Author : Trevor Doyle
Sex droids don’t do it for me, but I’ve never had a problem with clones.
My most recent Romeo, for instance. The last time I saw him, he was standing on my gold plated balcony, his back to the city that worships at my feet. He looked like a pop star in the clothes that I’d dressed him in.
It’s a thorny problem, of course, getting them to forget everything I’ve done for them without making them tame. The first one forgot too much; the second one, not enough. This one had found his footing somehow on his own.
Memory implants and hypnosis can only do so much, after all. Put a shirt on your clone’s back, and he resents it; teach him to be civil, and he becomes soft, a sorry putty you abhor. I’ve learned the hard way that virility and duplicity are inextricably linked; the noblest man alive will spin incredible yarns in obedience to his first master, that metamorphic creature that he keeps hidden in his pants.
This one was different though. His desire to please was genuine; he was gracious but never fawning, capable of maintaining his self-respect even though he had no place in the world aside from the one I’d made for him. And yet he wasn’t docile or subservient; he could be unpredictable, which I liked, and he was forceful when my mood called for it.
Only last week, the psychiatrists who’d supervised his training and conditioning told me that he’d passed his total personality test. We’d succeeded where others had failed, which meant that we had the complete package, a clone who would be the perfect companion for any woman who could afford him. They showed me the numbers, the graphs that always bore me, and assured me that I was going to be a thousand times wealthier than I already am. But I wasn’t convinced, not entirely. There was one more test he had to pass.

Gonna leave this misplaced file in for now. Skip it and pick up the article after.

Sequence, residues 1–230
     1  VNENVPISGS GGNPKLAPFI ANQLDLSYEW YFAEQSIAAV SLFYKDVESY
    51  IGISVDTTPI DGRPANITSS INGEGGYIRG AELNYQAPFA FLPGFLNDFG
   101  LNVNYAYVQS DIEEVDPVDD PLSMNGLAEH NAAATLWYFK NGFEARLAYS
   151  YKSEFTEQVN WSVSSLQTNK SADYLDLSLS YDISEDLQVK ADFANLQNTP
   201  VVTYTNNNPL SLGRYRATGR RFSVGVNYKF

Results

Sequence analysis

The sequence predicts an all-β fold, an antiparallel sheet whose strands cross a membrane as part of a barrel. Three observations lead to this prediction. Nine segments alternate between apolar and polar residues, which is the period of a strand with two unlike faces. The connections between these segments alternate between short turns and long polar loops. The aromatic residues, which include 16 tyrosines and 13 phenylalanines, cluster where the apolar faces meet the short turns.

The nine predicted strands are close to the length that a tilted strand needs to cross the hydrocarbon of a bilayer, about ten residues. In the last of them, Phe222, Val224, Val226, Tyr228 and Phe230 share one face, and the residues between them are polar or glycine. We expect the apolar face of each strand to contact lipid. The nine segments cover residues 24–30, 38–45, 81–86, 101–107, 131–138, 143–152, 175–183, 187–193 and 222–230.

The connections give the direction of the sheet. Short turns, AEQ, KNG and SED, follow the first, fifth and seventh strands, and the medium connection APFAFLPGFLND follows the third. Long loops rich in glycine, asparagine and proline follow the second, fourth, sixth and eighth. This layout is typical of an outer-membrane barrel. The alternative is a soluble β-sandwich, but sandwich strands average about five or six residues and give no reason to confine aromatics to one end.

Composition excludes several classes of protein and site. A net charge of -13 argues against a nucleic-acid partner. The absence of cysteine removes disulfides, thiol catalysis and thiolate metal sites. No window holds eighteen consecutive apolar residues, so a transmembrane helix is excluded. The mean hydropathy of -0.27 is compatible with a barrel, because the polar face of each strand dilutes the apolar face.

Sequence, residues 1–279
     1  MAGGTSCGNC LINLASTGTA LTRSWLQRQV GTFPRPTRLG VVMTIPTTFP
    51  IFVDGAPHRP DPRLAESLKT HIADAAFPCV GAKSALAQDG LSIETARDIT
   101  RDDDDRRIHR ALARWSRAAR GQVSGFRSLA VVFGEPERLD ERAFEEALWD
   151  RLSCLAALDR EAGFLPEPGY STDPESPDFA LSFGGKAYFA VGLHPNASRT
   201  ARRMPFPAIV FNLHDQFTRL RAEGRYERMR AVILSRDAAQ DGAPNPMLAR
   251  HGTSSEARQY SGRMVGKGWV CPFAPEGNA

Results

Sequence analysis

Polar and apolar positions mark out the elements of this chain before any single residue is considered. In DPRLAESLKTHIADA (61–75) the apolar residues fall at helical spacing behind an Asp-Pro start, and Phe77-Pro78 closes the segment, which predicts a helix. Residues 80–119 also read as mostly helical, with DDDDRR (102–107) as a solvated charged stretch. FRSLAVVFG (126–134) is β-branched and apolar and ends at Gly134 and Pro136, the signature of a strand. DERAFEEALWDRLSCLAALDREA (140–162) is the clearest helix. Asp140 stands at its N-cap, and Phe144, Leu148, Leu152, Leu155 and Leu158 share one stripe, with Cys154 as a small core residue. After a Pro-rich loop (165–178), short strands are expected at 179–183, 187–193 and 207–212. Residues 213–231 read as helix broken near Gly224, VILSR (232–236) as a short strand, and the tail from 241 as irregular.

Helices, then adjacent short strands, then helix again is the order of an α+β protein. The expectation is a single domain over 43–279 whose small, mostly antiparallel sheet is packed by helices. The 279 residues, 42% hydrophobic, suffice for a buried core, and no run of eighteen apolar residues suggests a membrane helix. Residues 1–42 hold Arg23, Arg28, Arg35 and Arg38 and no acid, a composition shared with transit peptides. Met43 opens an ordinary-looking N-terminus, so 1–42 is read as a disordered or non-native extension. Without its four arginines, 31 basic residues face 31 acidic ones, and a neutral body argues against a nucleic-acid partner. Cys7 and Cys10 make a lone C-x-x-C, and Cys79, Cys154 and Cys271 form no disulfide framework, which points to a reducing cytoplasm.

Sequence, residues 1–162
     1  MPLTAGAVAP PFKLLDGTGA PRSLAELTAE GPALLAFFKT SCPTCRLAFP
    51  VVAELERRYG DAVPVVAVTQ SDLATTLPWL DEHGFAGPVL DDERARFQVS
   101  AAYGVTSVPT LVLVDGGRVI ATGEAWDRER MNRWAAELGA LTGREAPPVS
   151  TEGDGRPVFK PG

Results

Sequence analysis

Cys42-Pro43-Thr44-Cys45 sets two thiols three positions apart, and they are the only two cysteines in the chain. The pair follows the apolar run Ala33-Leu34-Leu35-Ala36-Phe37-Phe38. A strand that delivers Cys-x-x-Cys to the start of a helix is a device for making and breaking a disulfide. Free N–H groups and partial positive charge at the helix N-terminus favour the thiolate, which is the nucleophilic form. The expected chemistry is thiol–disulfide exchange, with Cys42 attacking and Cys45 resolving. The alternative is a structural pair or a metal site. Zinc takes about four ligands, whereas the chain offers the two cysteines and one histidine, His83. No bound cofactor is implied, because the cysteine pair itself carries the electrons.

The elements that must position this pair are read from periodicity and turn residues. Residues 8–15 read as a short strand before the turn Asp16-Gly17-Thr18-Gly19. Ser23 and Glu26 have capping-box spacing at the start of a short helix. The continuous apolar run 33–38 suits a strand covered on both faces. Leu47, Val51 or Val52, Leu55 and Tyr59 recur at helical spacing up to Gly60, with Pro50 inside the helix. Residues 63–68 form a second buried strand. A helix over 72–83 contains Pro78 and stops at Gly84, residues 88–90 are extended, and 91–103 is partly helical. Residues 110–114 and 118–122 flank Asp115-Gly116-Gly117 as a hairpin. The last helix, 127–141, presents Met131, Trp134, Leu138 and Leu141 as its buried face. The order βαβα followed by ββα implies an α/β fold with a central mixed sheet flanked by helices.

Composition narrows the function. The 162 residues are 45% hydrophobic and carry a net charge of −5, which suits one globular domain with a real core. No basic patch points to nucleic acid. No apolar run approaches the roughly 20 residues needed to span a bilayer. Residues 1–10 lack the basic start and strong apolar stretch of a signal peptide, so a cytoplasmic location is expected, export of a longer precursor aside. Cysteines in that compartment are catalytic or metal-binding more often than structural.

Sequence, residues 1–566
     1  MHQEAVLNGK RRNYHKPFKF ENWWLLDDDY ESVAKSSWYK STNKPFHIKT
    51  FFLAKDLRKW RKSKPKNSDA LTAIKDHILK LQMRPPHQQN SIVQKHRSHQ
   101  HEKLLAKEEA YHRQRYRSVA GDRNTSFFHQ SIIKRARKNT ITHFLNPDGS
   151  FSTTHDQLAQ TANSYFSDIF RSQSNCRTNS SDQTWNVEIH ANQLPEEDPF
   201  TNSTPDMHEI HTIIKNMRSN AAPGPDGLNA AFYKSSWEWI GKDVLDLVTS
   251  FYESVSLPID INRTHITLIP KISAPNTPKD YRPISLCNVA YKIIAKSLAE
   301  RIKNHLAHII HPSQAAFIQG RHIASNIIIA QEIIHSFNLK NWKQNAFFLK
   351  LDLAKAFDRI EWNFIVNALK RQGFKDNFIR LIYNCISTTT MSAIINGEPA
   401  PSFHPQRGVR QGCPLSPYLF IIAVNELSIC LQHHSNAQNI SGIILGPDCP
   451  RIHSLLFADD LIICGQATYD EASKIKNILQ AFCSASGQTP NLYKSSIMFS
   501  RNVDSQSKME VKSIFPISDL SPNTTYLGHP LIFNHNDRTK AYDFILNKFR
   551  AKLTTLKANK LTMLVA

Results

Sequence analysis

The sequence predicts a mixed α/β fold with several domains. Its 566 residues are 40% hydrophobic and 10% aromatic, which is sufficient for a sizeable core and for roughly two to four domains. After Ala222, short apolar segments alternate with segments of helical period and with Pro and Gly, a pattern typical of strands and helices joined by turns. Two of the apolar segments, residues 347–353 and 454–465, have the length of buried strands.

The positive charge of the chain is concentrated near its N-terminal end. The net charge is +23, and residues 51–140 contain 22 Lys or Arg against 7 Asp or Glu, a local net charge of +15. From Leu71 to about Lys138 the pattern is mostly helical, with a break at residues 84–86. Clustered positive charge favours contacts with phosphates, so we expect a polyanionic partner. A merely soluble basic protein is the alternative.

Because it isn’t enough for a man (or a clone) to say that he loves you, is it? This is a fundamental truth, and that’s why I had to ask that all important question while he was standing there on my balcony with the wind roiling his perfect hair.
“So you love me. What would you do to prove it?”
He nodded to show that he understood, and then he turned around. He swung one meaty thigh over the railing, then the other, and he looked at me one last time.
“This,” he said.
And he jumped.
I had to smile. I couldn’t help myself, because it was the ultimate answer, the only answer that could expel my final doubts.
So he was perfect, a little too perfect. But I’ve learned my lesson; true love is overrated anyway.
We’ll do better with Romeo-4.